Scientific name

Lagenorhynchus acutus


Where does it get its name?

Their common name comes from the prominent white stripes on their sides, which span from below the dorsal fin to their tail, where it turns into a yellow or amber color. 

Their scientific name comes from the Greek word lagenos (which means bottle), rhynchus (which means snout or nose), and acutus from Latin (which means sharp or pointed, referring to their sharply-pointed dorsal fins).


Whale SENSE Region Found:

ATLANTIC


Protection status

Protected throughout its range


Where to watch:

Typically found in cold, deep waters of the north Atlantic Ocean, not often seen close to shore.  *If they are spotted within a couple miles of the coast, it’s best to call your local stranding response organization.


What to watch for:

Dorsal fin: Tall falcate dorsal fin is located in the center of the back.

Body: This dolphin’s distinguishing characteristics are the black rings around their eyes and the yellow-white patches on their sides

Size: Length: 8 – 9 feet, Weight: 425 – 525 pounds

Behavior: Known to be surface active, often breaching and tail slapping. Sometimes attracted to ride the bow or stern waves of vessels. 

Associations: Usually found in groups between two and 50 individuals. However it is possible to see much larger pods where they have found dense concentrations of food.  Atlantic white-sided dolphins are also known to associate with other species of whales and dolphins including fin whales, humpback whales, and bottlenose dolphins.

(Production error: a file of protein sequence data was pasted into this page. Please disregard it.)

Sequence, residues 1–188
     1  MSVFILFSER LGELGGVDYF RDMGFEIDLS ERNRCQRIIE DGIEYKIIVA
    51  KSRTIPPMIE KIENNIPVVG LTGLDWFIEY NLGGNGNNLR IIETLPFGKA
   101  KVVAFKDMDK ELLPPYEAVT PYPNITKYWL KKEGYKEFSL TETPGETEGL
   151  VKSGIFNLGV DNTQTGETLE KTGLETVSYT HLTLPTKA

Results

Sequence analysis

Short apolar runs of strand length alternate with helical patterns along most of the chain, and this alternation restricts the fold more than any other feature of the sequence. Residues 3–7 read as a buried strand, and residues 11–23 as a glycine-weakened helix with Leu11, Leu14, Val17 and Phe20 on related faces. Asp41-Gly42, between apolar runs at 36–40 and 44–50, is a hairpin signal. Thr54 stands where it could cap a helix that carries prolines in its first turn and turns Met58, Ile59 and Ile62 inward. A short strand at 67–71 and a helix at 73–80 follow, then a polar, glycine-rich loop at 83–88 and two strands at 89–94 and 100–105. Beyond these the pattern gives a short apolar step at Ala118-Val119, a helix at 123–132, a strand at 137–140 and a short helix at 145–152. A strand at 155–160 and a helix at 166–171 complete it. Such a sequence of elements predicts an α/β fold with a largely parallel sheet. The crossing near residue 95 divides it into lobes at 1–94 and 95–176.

May be confused with: White-beaked dolphin: The white-sided does not have the distinct white and yellow streaks on its side and is typically larger. However, the range of the Atlantic white-sided dolphin their ranges overlaps in range with the white-beaked.

Feeding

They have a diverse diet, ranging from herring, cod, and mackerel to shrimp and sandeels. Known to feed cooperatively in groups, working together to herd fish into large groupings. 

Mating and Calving

Large groups of Atlantic white-sided dolphins will gather during the breeding season (spring and summer), numbering in upwards of 50 individuals (while superpods of hundreds and even thousands have been observed!). In the fall and winter, males will travel in small groups while females, calves and juveniles will travel together. 

The average gestation period is 1 year and calves are typically born between April and September. Calves will nurse for about 18 months and will remain with their mothers’ pods until they are between 3 and 5 years old on average. 

Photo: WDC

Did you know?

  • Atlantic white-sided dolphins communicate using both vocalizations underwater and body language. Body language can include tail slapping, swimming in unison with other members of the pod, jumping in unison, and breaching.
  • In the Gulf of Maine, a satellite-tagged dolphin travelled an estimated distance of over 186 miles in 64 hours (~2.5 days) (Mate et al. 1994). In this same study, the dolphin spent most of its time underwater (89%), carrying out many short dives.

Threats to Atlantic white-sided dolphins

Learn more about Atlantic white-sided dolphins